Tuesday, 7 July 2015

Brussels {day 3}

Our last day in Brussels rolled around. Our departure was only at 16:40 so we had nearly the whole day to explore areas we hadn't got to just yet. 

We wandered into the fresh air and through the park and made our way to the Royal Palace of Brussels.

We continued our stroll on to the "Church of Our Blessed Lady of the Sablon". It used to hold a statue of Mary which was claimed to have healing powers and was paraded annually through the city, until it was destroyed by the Calvinists. The procession, though, called the Ommegang, is now days more secular, but still takes place.
The church was beautiful inside; we were about the only ones there and the intricate stained glass and carving left quite an impression.

After leaving the church we crossed over to the petit Sablon. The park is surrounded by statues, 48 of them, depicting various old professions, while in the middle Edgmont and Horne, symbols of the resistance against the Spanish, stand in the middle. Despite the fact that there seems to be a statue on just about every corner and one seems to constantly have one in sight, these were rather noticeable ;) And the view over to the church was so picturesque!

After admiring the scene and enjoying our spot in the sunshine, we made our way to the Palace of Justice. Ironically, for the construction of the gigantic building in the late 1800s to take place, people were evicted and relocated. Furthermore, when the German troups left Brussels at the end of the second world war, they set fire to the building. I hope that the building provides real justice these days! 

Nearby, stands a memorial to the soldiers in the infantry in the first and second world war, and one has a rather good view over Brussels from this point, too. We finally saw the Atomium from this vantage point, and could see many other landmarks as well. There seems to be some construction happening, and I'm not sure what it is, but hopefully one will be able to walk out onto the terrace since right now it hinders the view significantly. Here we met a man from Italy who was in town to meet either a Musician or a Magician for a festival they're planning, and after he took a photo for us, we took the elevator down to the street below.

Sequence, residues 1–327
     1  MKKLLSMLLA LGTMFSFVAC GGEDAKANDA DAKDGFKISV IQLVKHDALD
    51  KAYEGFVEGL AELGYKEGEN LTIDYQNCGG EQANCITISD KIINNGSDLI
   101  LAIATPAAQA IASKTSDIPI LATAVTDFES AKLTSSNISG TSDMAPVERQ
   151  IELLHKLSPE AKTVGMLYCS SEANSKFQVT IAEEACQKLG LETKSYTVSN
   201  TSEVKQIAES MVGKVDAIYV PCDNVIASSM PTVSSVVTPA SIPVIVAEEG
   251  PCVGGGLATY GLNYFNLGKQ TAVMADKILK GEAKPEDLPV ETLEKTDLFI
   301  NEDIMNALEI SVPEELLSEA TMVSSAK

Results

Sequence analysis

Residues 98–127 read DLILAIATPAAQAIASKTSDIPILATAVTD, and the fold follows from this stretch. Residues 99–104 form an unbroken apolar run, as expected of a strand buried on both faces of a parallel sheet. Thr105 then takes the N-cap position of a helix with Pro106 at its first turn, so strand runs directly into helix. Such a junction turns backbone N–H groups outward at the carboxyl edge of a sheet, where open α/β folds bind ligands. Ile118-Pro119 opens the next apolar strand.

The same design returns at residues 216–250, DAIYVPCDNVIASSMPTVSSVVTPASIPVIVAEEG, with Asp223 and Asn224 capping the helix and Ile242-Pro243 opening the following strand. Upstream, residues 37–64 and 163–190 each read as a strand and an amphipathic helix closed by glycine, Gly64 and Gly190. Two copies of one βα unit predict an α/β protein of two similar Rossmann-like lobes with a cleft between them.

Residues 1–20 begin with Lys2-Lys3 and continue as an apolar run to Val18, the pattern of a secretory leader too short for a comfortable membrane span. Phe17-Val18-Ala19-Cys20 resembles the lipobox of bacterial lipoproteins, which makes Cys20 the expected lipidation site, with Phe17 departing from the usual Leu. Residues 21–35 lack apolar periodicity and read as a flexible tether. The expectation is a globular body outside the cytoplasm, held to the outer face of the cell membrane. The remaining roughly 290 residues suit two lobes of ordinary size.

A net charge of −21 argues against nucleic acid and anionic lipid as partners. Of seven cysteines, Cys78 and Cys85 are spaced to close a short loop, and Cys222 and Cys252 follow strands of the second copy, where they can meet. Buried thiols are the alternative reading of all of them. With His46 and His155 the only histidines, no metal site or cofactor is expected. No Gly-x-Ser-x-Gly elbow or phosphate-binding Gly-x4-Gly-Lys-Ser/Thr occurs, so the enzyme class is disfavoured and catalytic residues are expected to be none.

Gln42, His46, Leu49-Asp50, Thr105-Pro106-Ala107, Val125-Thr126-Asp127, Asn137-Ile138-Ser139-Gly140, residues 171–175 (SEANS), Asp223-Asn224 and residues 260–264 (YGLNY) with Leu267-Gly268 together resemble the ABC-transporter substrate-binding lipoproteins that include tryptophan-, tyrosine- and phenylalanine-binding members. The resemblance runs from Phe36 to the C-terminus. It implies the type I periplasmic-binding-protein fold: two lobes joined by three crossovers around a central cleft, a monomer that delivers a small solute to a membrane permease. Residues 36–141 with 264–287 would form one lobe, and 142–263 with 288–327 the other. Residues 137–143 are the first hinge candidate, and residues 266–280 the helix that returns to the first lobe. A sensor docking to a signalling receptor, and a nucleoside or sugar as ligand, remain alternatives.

After visiting a fleamarket that gets very good reviews but quite honestly looked to me like a junk-yard, we popped into a few antique shops and then made our way to the Notre Dame de la Chapelle. The exterior looked rather run down from the outside, but inside was really quite different!

We left the quietness of the church and reentered the hustle and bustle of the inner city and tourist-hub. Here we finally got around to trying some Belgian Waffles, which were delicious. They're pretty tricky to eat while walking so we found a spot to sit and attacked the waffles with those ridiculous little plastic forks they provide. (also provided for eating your Frites!)
My advice: bring cutlery along to avoid frustration ;)
They were so tasty and so sweet, that I'm glad we had three days to space out the Frites and Waffles a little!

Before we left, we still needed to buy some Belgian chocolate. We shopped around a little before deciding on Leonidas. The lady who worked there was so patient with our very careful and slow selection of truffles, and we walked away with 9 of them at a reasonable price. One of them was soon devoured!

Saying goodbye to the centre of the city, we passed some horse-drawn carriages and then stopped by the Cathedral we'd seen on the first day to get a quick glimpse of the interior. From there, we went to our apartment, packed our things, drank some tea, and headed to the train station.